Five years after joining the EU, the town of Petrachioaia, 21km outside of Romania’s capital is still waiting for the jump in living standards its politicians said membership would bring.
Four out of five people have no indoor toilet or running water. Homes are still heated with wood-burning stoves and most people raise animals in their yards to survive. Just one in five of the town’s 3,375 inhabitants has a job.
Now Europe’s newest citizens — the 100 million people in Romania and nine other eastern European countries who have joined the 27-member bloc since 2004 — may have to retire their earlier dreams.
A growing number of economists working in think tanks and investment banks say the economic crisis in Europe has hurt the chances that the EU’s poorest members will catch up to, or converge with, living standards in their richer counterparts.
Convergence — the trend for new member countries to move towards Europe’s average GDP per capita — has long been one of the rewards of EU membership.
That was what politicians almost universally promised in the run-up to membership, saying that generous development aid from Brussels and foreign investment could help them follow the example of Ireland, whose boom took it from EU laggard to Celtic Tiger.
The former Communist states in eastern Europe appeared to be following the same path. However, convergence has now slowed in many places and economists say it could come to a stop in around 20 years at levels far lower than earlier hoped.
“Catching up is unlikely to proceed as rapidly as we thought before 2008,” said Ville Kaitila, a researcher at The Research Institute of the Finnish Economy (ETLA), referring to the most widely used measuring stick for living standards.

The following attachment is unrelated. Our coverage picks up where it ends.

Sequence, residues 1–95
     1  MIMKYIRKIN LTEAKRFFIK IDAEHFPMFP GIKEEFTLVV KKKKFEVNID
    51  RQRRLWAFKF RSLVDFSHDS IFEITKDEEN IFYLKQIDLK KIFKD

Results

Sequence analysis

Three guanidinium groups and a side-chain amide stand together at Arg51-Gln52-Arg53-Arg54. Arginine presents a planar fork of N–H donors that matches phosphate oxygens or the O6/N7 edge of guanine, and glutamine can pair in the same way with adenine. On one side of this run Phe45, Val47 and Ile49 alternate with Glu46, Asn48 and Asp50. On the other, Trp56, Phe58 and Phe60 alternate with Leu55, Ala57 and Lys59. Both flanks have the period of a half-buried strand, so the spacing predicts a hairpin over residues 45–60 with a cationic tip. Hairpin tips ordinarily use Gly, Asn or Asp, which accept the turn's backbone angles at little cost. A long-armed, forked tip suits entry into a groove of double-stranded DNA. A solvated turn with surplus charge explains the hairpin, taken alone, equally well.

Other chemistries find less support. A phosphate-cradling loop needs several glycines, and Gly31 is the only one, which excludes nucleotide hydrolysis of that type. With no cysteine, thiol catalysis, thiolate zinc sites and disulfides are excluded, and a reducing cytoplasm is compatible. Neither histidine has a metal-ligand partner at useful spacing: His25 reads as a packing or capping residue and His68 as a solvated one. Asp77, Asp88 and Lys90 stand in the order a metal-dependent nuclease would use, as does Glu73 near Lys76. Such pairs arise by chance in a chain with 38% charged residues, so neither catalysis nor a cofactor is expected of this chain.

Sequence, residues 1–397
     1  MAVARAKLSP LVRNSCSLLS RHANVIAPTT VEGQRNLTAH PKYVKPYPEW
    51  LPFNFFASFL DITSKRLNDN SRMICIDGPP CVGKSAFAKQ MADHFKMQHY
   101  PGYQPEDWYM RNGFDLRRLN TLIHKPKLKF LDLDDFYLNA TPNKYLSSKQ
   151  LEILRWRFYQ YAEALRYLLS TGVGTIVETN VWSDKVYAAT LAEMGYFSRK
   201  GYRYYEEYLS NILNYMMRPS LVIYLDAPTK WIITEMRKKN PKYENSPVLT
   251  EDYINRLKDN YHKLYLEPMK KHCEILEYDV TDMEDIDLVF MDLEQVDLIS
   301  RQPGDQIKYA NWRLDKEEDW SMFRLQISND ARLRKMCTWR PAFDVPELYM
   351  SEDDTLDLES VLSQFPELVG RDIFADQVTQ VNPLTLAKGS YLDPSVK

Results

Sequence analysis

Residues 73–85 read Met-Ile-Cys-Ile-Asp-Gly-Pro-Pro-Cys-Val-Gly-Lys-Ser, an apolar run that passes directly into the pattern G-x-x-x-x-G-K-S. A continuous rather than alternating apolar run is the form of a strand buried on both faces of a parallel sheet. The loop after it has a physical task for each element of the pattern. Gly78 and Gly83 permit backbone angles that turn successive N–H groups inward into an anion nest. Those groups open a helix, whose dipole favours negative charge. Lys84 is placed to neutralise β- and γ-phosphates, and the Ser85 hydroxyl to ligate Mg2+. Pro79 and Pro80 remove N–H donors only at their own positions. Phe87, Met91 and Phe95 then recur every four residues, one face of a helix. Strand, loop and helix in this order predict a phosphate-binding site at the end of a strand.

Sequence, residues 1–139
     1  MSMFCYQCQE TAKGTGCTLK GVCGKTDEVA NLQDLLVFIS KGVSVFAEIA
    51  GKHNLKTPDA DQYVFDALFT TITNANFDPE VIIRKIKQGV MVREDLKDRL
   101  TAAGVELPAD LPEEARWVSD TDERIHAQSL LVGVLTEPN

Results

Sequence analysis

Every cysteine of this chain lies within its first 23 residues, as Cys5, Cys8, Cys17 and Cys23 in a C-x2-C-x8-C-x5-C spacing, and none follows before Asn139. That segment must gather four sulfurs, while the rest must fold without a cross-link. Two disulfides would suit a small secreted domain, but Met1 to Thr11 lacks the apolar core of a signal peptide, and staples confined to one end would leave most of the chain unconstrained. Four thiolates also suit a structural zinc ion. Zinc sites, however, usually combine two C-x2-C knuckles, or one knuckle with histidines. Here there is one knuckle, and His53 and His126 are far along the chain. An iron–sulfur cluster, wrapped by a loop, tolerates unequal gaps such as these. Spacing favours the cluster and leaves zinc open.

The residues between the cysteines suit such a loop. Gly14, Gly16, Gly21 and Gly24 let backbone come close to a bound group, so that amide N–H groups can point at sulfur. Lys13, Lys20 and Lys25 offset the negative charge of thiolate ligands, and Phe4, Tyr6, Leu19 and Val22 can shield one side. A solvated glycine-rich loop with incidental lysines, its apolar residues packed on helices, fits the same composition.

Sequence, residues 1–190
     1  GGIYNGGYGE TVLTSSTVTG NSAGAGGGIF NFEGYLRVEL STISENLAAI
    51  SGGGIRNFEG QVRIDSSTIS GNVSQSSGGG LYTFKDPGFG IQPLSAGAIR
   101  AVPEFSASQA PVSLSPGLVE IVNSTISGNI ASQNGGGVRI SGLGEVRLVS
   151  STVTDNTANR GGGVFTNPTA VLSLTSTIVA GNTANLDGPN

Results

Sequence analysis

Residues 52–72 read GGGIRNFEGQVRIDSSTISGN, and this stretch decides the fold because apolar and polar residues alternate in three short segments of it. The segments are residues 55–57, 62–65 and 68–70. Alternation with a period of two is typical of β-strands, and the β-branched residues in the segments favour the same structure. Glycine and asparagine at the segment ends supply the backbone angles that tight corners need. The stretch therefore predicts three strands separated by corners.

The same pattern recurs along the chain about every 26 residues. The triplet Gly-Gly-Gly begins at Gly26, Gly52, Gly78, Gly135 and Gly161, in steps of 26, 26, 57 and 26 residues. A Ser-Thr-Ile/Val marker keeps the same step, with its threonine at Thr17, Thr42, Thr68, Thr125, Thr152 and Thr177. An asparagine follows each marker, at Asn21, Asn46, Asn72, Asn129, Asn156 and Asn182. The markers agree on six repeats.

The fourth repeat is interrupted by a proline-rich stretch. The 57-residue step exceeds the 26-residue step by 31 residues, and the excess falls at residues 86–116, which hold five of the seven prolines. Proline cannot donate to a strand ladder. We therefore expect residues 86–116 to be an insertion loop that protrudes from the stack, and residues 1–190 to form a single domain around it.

“Even though there has been overall long-term convergence in the EU, convergence is not a natural law,” he added.
The economic slowdown over the past four years is already taking a toll. Angered by austerity measures and slow progress, some voters have swung away from reform-minded parties in favor of those that promote stronger social safety nets and reject economic reforms.
Constantin Florea, a 63-year-old former mill worker in Petrachioaia who subsists on a military pension of 100 euros (US$125) a month and by raising animals, sums up the disillusionment.
“I thought they were supposed to raise our wages and pensions and create jobs for young people after we joined,” Florea said as his heifer munched on grass by the side of a road. “If I didn’t have this cow, I’d starve.”
In the Czech Republic, Estonia, Hungary, Latvia, Lithuania, Poland, Slovakia and Slovenia, people popped champagne and danced in the streets when the EU ushered them into its club eight years ago.
Bulgaria and Romania had to wait another three years for accession, which politicians and economists said would boost their economies.
It had elsewhere. In Ireland economic reforms and a torrent of EU development funds, foreign investment and a lending boom to firms and consumers boosted GDP per capita from 65 percent of the EU average in 1960, 13 years before it joined the EU, to almost 150 percent in 2008.
At first, it looked like the EU newcomers would go the same way.
In the run-up to membership and immediately after, foreign firms poured cash into factories in Hungary, the Czech Republic and Slovakia, making the latter the world’s top car producer per head and, in less than a decade, pushing its GDP per person to 75 percent of the bloc’s average from just 50.